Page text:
Lost in translation: Japan’s ‘Fukuppy’ firm rethinks its egg-shaped mascot after online ridicule
Japan’s Fukushima Industries said Tuesday it was rethinking its “Fukuppy” mascot, after the Internet erupted in sniggers over a name that recalls the catalogue of mishandling at the Fukushima nuclear plant.
The Osaka-based refrigerator maker, whose name derives from its founder and has nothing to do with the area hit by an atomic catastrophe, has been ridiculed on social networking sites for the name it gave its egg-like mascot, which has blue wings and red feet.
“I’m Fukuppy. Nice to meet you,” the smiling character with a human face tells visitors to the company’s website. “I think I’m kind with a strong sense of justice but people say I’m a little bit scatterbrained.”
Fukushima Industries unveiled “Fukuppy” in April, blending the first part of the company name — Fuku — and the end of the English word “happy,” saying it represented the corporate philosophy of being a happiness-creating company.
But the striking moniker was mistaken for “an inappropriate word among people in English-speaking places or its meaning was misunderstood on the Internet,” the company said in a statement.
“We sincerely apologize for worrying many people and creating misunderstanding among them,” the company said, adding: “We will look into the name, including a rethink of it.”
The firm, which makes industrial cooling systems and has offices in China, Singapore, Hong Kong, Malaysia and Taiwan, said the name was nothing to do with the battered Fukushima power station.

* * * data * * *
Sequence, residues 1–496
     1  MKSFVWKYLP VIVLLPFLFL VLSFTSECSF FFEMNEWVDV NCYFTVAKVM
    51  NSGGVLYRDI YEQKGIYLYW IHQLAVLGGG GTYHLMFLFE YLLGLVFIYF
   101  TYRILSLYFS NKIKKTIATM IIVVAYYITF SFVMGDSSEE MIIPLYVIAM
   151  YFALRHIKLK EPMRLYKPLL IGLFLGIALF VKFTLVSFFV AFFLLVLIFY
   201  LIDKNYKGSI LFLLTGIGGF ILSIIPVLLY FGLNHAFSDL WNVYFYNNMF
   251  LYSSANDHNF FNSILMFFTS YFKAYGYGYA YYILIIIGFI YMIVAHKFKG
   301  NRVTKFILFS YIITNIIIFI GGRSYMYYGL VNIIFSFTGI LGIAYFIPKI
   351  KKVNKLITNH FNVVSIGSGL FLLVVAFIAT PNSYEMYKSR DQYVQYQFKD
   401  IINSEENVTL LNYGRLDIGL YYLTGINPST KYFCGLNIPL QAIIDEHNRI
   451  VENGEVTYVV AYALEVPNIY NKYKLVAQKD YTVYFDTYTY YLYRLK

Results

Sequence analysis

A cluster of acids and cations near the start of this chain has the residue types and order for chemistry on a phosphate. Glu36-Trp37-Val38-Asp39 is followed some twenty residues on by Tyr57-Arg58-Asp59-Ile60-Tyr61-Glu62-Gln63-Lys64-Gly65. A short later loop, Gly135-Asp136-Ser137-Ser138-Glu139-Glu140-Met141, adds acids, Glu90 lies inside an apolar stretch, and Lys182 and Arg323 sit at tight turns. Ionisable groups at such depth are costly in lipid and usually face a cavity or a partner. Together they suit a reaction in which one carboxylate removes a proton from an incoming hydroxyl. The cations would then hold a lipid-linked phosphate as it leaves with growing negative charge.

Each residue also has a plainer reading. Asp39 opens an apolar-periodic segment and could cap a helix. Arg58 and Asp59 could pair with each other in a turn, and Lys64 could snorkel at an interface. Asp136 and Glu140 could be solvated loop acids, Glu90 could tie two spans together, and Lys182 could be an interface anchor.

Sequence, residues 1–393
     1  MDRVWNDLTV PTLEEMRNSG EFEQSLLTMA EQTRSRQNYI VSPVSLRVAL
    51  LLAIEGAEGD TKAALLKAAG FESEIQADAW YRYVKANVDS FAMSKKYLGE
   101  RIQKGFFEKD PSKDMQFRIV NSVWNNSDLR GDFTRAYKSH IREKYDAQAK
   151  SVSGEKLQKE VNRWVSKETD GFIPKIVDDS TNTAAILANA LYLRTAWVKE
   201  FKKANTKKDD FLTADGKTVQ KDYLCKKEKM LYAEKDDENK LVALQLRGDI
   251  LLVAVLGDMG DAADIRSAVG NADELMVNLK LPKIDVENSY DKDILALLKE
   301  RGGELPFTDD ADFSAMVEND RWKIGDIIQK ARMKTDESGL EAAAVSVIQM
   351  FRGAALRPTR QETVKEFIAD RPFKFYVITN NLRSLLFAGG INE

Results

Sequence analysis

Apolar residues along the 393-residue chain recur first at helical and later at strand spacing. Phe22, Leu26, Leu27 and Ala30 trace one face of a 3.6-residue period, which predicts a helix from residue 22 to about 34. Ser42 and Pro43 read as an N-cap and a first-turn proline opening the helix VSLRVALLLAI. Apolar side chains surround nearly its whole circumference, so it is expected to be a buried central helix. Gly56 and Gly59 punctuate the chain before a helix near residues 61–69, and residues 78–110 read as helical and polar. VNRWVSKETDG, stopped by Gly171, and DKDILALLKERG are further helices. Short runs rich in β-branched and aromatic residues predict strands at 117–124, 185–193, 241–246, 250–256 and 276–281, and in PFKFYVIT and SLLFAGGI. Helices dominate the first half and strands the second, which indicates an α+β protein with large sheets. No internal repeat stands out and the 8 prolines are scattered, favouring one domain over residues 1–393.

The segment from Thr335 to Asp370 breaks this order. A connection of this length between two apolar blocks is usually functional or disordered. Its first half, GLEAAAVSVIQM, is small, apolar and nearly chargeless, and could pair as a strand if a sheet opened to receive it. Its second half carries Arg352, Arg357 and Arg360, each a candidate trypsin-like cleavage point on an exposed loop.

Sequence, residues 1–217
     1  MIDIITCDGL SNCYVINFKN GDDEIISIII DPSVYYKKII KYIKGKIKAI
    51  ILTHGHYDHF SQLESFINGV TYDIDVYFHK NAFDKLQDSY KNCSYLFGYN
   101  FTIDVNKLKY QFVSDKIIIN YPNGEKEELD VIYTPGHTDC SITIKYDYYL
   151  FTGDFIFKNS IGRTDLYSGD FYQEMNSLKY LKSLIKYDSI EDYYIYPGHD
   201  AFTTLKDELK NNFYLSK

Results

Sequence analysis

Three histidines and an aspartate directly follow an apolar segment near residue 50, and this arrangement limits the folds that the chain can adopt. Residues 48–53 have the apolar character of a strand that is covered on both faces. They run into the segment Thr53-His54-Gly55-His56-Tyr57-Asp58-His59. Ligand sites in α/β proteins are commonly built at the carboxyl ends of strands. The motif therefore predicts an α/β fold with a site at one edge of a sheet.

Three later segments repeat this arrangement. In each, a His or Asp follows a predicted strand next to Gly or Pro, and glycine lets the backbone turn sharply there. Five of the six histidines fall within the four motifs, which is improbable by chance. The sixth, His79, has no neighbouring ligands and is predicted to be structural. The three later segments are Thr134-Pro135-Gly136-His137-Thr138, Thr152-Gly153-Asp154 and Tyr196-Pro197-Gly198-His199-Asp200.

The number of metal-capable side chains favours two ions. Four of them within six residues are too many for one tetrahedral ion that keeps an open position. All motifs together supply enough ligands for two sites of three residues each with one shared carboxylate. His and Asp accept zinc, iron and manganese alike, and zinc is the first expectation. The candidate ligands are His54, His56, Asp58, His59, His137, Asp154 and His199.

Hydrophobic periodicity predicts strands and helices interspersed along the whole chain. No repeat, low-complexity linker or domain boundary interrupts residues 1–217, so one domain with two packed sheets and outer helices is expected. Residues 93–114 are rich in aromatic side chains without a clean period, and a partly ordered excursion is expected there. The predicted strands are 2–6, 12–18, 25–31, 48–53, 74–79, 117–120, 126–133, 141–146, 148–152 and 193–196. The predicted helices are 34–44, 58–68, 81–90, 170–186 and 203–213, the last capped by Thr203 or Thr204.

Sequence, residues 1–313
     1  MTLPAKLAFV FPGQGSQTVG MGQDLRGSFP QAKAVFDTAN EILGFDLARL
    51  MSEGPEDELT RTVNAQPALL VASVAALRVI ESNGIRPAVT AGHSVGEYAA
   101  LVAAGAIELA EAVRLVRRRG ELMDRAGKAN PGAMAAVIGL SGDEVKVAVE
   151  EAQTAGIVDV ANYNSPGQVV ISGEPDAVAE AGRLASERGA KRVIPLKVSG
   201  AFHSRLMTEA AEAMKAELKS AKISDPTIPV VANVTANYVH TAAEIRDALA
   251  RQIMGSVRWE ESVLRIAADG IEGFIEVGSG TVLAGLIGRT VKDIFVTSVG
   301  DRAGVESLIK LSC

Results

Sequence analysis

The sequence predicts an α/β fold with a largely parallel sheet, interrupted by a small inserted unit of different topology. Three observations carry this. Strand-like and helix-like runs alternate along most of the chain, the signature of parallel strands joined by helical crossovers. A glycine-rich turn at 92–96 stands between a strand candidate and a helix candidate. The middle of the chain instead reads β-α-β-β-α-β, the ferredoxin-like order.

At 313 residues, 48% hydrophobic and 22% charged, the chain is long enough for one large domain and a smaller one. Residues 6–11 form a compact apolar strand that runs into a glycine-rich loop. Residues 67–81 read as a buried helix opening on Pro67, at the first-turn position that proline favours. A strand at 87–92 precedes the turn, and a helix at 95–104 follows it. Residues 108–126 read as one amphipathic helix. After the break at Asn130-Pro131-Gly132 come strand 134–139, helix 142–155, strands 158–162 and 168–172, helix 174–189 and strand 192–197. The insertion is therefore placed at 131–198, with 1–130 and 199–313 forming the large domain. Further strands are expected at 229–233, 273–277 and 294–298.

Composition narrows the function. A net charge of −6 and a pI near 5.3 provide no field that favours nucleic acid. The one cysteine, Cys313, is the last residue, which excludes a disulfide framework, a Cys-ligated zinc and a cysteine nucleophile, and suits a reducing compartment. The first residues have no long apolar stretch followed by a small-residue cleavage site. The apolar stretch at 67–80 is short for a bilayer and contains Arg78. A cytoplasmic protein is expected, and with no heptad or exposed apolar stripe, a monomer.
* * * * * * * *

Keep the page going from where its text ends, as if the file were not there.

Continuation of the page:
The clean-up at the site, where reactors flung radioactive substances into the air, soil and sea in the days and weeks after it was hit by the March 2011 tsunami, has been beset with problems, and continues to come under the spotlight.
A series of leaks of radiation-contaminated water over recent months came on top of a power outage caused by a stray rat, adding to the widely held impression that the plant’s operator is hapless.
It is common for companies and organizations in Japan to have a cuddly mascot character that they use as part of branding. Many are brought to life by adults in full-size costumes who wander around sponsored events posing for photographs with children.
In September, Asahikawa Prison in Japan’s far north unveiled “Katakkuri-chan,” a nearly 6.5-foot humanoid with a huge square face and an enormous purple flower for hair, which bosses hoped would soften the image of the jail.
Tokyo Metropolitan Police has had its own crime-fighting mascot since the 1980s who is now well-loved across the nation.
The use of English, or English-derived words, is also very common in Japan, where despite many years of compulsory language schooling, standards remain relatively low.
This leads to occasional hilarity among visitors to the country, who struggle to understand why someone would drink the unappetizing-sounding Pocari Sweat or the off-putting Calpis.
Bizarre phrases born of poorly understood English lessons frequently make their way onto t-shirts, stationery and into advertising copy.